Wednesday, November 30, 2011

Blue Nights - Joan Didion

Joan Didion's The Year of Magical Thinking, was written about the loss of her long-time husband.  I thoroughly identified with the book (not in terms of losing a spouse, but in the grief that comes with losing someone very close).  It is a book I feel everyone who has lost a loved one should read at some point - perhaps not right after a loss, but after some time has past and you wonder why the pain is still so real.  In that book, the reader also learns that Didion also lost her daughter, Quintana Roo, to a sudden and mysterious illness.  Blue Nights is the story of that loss, and of Didion's journey to motherhood.  As a new mother who has anxiety about all the possible dangers of the world and of losing my own child, I was reluctant to read this.  And as I write about it on my blog after not quite loving it, I think - how can I possibly critique a book about a mother's loss of her child - clearly it is powerful and raw and absolutely haunting.  Didion is a beautiful writer, but her use of repetition throughout the book - while I'm sure symbolic of the fact that she goes over everything in her mind again and again and again - became tedious for me at points.  It read at times more like a stream-of-consiousness poem than a book (and that's fine if that's what it was meant to be, but I think I wanted more of a memoir-like book).  And I felt like there was a lot of name-dropping and near bragging of how much of a jet-setter lifestyle she and her husband lived with her daughter learning to order off room service menus before age of five.  Perhaps in a time of the 99% and Occupy movements, I found it all a bit obnoxious.  There are some great lines, however - it actually caused me to use the "highlight" feature on my Kindle for the first time.  The one I read over and over was, "Once she was born I was never not afraid."  So simple and clear, but wholly encapsulating of how I feel about motherhood - and then the subsequent need to live and allow your child to live despite that fear.  And then, for Didion's greatest fear to be realized- to actually lose her daughter is truly heartbreaking.  For me this book was more about what it made me reflect on in my life than it was about understanding Didion's loss - mostly I think I am in awe of Didion for using her writing to help cope with such substantial loss and being able to share that pain with the world.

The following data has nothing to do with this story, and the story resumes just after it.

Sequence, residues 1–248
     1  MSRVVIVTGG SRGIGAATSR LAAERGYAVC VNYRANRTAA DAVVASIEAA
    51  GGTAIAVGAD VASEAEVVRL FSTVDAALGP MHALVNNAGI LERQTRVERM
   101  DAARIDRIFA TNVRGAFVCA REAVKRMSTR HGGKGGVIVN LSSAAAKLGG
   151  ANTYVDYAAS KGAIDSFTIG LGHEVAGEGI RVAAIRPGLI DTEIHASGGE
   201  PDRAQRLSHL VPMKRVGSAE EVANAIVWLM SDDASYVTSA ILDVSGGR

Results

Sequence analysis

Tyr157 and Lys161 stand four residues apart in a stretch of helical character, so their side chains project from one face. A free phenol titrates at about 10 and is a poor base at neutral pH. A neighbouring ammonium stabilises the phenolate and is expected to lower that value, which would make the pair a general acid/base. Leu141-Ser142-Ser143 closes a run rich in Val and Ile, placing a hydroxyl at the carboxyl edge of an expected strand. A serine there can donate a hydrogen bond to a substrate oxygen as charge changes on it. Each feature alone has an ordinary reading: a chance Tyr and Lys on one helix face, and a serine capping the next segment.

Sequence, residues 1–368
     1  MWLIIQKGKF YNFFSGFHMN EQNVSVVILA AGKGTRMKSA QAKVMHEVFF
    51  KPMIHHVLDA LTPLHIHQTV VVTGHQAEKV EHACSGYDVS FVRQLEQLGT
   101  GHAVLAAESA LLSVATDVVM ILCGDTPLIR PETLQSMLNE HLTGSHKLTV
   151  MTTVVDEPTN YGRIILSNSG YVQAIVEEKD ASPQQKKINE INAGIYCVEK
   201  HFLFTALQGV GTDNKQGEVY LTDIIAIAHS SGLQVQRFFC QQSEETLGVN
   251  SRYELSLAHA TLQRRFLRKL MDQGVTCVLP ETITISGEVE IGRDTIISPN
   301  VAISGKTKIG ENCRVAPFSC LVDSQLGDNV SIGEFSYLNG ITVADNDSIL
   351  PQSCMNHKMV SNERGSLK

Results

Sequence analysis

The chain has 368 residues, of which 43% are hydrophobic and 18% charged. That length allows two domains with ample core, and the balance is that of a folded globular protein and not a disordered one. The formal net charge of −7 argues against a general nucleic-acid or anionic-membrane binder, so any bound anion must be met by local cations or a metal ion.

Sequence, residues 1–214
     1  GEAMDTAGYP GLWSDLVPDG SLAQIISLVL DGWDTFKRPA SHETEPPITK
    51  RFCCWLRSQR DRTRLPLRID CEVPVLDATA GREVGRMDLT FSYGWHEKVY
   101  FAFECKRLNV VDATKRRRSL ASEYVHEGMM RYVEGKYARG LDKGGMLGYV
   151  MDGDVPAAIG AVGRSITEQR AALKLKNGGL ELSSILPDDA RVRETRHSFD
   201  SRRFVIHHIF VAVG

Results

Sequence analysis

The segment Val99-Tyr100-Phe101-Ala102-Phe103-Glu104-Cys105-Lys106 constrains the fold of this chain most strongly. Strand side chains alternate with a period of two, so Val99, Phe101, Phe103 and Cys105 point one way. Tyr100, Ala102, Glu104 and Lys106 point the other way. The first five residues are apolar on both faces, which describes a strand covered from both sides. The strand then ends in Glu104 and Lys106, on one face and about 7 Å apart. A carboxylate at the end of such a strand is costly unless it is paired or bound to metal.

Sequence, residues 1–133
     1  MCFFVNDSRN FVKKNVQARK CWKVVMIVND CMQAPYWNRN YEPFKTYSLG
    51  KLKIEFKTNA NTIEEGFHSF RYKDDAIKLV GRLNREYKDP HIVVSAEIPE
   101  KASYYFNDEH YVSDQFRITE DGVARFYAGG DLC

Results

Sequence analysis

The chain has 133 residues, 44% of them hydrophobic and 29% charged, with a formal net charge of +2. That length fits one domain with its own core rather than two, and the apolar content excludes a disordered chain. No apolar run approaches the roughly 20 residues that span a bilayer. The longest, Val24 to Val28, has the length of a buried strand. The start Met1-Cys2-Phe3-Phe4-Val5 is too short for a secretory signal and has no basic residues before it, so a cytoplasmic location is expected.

1 comment:

Jessica said...

Your comments on this book were EXACTLY the way I felt about The Year of Magical Thinking. I liked it, but it was very repetitive and with a lot of name dropping. But you are so right- how does one critique someone else's account of such a loss. I hope to never be able to identify with her loss! And now I need to read the new Ann Patchett book. Love you!